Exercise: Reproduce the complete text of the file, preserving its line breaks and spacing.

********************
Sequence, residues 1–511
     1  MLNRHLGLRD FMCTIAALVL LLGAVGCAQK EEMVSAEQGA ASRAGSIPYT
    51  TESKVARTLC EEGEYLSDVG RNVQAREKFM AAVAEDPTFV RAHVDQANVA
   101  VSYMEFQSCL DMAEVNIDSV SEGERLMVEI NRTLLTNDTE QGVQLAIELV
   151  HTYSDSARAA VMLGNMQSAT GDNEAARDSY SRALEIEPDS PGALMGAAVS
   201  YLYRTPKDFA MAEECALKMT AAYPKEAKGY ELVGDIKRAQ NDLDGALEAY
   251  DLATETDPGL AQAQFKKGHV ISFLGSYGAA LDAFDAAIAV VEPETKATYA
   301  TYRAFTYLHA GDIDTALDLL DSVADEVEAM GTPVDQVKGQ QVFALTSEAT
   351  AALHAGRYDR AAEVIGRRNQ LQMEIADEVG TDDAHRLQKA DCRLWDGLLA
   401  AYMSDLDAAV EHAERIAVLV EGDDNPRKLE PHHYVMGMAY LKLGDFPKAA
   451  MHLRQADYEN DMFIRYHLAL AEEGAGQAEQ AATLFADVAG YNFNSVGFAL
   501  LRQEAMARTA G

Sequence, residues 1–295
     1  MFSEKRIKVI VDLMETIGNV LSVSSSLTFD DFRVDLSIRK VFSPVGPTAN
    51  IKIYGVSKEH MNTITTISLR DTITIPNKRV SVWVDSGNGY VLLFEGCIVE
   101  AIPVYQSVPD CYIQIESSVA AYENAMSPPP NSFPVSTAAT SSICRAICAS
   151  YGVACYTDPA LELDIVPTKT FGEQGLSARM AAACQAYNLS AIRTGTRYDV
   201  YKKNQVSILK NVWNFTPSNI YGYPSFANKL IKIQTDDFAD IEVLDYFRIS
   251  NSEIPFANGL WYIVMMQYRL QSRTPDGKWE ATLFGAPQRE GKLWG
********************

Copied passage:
Sequence, residues 1–511
     1  MLNRHLGLRD FMCTIAALVL LLGAVGCAQK EEMVSAEQGA ASRAGSIPYT
    51  TESKVARTLC EEGEYLSDVG RNVQAREKFM AAVAEDPTFV RAHVDQANVA
   101  VSYMEFQSCL DMAEVNIDSV SEGERLMVEI NRTLLTNDTE QGVQLAIELV
   151  HTYSDSARAA VMLGNMQSAT GDNEAARDSY SRALEIEPDS PGALMGAAVS
   201  YLYRTPKDFA MAEECALKMT AAYPKEAKGY ELVGDIKRAQ NDLDGALEAY
   251  DLATETDPGL AQAQFKKGHV ISFLGSYGAA LDAFDAAIAV VEPETKATYA
   301  TYRAFTYLHA GDIDTALDLL DSVADEVEAM GTPVDQVKGQ QVFALTSEAT
   351  AALHAGRYDR AAEVIGRRNQ LQMEIADEVG TDDAHRLQKA DCRLWDGLLA
   401  AYMSDLDAAV EHAERIAVLV EGDDNPRKLE PHHYVMGMAY LKLGDFPKAA
   451  MHLRQADYEN DMFIRYHLAL AEEGAGQAEQ AATLFADVAG YNFNSVGFAL
   501  LRQEAMARTA G

Sequence, residues 1–295
     1  MFSEKRIKVI VDLMETIGNV LSVSSSLTFD DFRVDLSIRK VFSPVGPTAN
    51  IKIYGVSKEH MNTITTISLR DTITIPNKRV SVWVDSGNGY VLLFEGCIVE
   101  AIPVYQSVPD CYIQIESSVA AYENAMSPPP NSFPVSTAAT SSICRAICAS
   151  YGVACYTDPA LELDIVPTKT FGEQGLSARM AAACQAYNLS AIRTGTRYDV
   201  YKKNQVSILK NVWNFTPSNI YGYPSFANKL IKIQTDDFAD IEVLDYFRIS
   251  NSEIPFANGL WYIVMMQYRL QSRTPDGKWE ATLFGAPQRE GKLWG